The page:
Moses refuses the dream of being Pharaoh’s grandson and embraces the reality that the pampered life of the elite is really enslavement to the world. Moses looked to this spiritual reward, and to do so he had to see beyond the great empire of which he was in the ruling class. He lived a privileged life, and yet it was a dream deluding him. And here we see another great theme of Lent, besides sojourning, besides fasting, we are to see God.
So Moses and Aaron said to all the people of Israel, “At evening you shall know that it was the LORD who brought you out of the land of Egypt, and in the morning you shall see the glory of the LORD . . . And as Aaron spoke to the whole congregation of the people of Israel, they looked toward the wilderness, and behold, the glory of the LORD appeared in the cloud. (Exodus 16:6-10)
It was only when these people looked away from the grand empire of which they were a part did they see the glory of God. God was not seen by them in the greatest nation on earth but in the wilderness where there was no city, no culture, no comfort, no power, no wealth.
At the end of today’s Gospel lesson we heard Jesus say:
“Most assuredly, I say to you, hereafter you shall see heaven open, and the angels of God ascending and descending upon the Son of Man.” (John 1:51)
The story of God’s people, of our exodus from Egypt, our sojourn through Great Lent is so that our eyes might be opened and so that we not be so dazzled and seduced by all the riches this world has to offer, and that we consider the glory of the Lord. We are called to see the depth and riches of the Kingdom of God which are invisible to us when we focus only on life in this world.
Therefore we also, since we are surrounded by so great a cloud of witnesses, let us lay aside every weight, and the sin which so easily ensnares us, and let us run with endurance the race that is set before us, looking unto Jesus, the author and finisher of our faith, who for the joy that was set before Him endured the cross, despising the shame, and has sat down at the right hand of the throne of God. (Hebrews 12:1-22)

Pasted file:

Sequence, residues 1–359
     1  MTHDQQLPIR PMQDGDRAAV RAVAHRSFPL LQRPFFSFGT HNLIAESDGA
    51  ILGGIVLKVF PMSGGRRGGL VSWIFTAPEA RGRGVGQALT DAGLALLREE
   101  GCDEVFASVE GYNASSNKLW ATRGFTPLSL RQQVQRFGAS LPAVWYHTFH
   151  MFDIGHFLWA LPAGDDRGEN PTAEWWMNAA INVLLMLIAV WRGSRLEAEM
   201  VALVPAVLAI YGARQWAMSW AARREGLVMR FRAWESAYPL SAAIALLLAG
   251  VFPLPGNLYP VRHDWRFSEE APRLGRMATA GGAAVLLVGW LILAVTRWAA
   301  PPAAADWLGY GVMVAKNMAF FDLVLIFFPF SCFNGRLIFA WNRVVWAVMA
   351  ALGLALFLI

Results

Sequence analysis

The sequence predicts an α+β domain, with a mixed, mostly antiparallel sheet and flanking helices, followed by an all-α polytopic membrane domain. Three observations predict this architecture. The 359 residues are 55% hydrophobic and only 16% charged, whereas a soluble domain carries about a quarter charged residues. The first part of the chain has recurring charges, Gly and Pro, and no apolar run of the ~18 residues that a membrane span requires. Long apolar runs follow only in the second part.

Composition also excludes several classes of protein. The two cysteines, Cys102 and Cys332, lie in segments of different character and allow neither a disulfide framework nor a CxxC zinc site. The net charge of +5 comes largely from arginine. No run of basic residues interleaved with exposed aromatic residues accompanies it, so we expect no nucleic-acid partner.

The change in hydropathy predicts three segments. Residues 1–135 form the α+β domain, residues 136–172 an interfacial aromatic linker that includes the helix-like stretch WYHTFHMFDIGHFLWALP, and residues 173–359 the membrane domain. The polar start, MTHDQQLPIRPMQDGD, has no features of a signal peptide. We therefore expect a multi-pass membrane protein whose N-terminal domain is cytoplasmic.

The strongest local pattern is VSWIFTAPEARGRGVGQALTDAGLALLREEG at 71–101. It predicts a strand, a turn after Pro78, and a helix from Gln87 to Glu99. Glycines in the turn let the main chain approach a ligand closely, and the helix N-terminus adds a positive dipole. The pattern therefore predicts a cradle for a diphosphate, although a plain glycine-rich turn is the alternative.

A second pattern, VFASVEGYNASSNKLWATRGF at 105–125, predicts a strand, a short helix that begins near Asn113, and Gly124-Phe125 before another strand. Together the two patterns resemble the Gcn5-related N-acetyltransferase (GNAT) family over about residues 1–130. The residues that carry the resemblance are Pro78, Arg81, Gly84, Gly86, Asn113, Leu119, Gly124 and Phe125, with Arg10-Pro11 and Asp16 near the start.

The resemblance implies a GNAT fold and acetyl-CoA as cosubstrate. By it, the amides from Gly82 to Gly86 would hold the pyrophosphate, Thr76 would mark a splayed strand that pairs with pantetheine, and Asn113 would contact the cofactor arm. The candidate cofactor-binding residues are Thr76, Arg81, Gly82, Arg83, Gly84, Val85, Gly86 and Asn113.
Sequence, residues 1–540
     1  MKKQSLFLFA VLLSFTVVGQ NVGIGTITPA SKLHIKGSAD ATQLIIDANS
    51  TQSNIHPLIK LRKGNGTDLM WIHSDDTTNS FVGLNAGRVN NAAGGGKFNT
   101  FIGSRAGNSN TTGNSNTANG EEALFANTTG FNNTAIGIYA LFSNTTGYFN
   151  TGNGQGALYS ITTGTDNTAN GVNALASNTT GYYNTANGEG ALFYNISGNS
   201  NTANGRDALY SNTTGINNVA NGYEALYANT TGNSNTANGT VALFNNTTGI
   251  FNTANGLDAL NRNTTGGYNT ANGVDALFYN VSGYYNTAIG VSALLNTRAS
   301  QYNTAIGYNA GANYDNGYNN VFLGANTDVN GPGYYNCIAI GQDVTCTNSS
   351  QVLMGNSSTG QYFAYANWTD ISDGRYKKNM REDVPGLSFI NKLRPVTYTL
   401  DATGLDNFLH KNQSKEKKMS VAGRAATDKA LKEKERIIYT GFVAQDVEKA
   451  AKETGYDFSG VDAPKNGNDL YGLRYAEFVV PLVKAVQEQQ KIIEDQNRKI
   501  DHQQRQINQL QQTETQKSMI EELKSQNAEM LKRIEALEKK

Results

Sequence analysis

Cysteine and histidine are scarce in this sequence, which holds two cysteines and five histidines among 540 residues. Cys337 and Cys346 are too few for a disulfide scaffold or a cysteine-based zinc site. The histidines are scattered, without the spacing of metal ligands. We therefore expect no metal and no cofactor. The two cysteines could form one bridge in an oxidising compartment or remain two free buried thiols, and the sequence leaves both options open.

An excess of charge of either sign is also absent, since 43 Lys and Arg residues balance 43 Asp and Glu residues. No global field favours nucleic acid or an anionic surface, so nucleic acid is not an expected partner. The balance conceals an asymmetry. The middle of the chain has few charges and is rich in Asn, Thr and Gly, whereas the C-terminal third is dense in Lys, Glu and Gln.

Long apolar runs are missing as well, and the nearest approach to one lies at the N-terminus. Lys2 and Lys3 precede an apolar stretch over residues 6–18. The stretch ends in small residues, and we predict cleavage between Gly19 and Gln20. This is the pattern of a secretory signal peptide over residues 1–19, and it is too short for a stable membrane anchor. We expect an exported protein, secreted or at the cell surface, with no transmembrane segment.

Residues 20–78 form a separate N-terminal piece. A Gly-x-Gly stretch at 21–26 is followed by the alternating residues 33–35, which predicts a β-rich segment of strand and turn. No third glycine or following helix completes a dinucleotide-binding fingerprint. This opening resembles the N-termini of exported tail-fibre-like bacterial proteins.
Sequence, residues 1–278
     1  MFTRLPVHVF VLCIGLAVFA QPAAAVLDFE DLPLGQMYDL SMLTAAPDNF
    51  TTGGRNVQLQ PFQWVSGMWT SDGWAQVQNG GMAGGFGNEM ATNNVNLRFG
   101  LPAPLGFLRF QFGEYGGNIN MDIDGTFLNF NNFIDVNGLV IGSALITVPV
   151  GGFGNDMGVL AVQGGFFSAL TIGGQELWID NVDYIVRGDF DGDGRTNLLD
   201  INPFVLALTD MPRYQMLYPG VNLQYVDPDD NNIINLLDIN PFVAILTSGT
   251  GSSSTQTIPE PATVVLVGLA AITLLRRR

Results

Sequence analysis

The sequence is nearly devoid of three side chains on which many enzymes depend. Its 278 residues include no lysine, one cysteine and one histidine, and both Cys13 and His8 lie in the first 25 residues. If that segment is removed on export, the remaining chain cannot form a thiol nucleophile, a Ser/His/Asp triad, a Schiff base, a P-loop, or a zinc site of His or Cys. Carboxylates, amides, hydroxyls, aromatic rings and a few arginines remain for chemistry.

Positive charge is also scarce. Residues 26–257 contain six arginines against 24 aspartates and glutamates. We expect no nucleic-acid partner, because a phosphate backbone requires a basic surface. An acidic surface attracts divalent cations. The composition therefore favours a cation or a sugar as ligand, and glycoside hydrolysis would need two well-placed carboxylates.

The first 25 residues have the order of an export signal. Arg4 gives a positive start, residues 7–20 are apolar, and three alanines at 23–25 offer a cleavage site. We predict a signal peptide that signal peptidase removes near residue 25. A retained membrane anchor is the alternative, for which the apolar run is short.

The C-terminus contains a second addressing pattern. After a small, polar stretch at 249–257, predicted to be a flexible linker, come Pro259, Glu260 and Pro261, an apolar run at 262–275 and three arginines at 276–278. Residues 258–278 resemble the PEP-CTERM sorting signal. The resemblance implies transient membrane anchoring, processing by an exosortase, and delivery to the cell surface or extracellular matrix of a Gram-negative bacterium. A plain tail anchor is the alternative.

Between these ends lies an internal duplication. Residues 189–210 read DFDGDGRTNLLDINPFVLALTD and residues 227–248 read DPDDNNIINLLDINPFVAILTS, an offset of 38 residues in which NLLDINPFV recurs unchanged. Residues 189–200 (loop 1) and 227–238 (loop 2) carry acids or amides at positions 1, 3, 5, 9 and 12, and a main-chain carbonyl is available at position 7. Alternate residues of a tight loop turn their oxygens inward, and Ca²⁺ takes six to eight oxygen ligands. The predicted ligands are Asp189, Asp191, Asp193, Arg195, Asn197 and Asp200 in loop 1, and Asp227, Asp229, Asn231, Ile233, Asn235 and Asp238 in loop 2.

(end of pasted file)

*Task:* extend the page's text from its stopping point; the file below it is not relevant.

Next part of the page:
That great cloud of witnesses to God’s glory is visible to us in the icons all around us. Icons open heaven to our eyes and our eyes to heaven. They tell us to see with the eyes of our heart, don’t just look at the external, but see the reality that these people and events represent. Look into the hearts of those who are filled with the Holy Spirit.
Jesus said we will see heaven wide open but also that our eyes would be open wide by what we see.
Our eyes can be opened to God’s revelation, to understanding salvation, to the Kingdom of God if our hearts are open and receptive to what God reveals to us.
And what do we see with the eyes of our heart?
A loving God, a forgiving Father hoping for us to seek Him no matter how far away we may feel we are from Him.
We see where and in whom heaven and earth meet.
An icon shows us our salvation comes when God is united to humanity.
Icons remind us the Kingdom of Heaven is not a distant place but, rather, is right here right in our midst. As Jesus Christ said, “the kingdom of God is within you.” (Luke 17:21)
Christ is in our midst!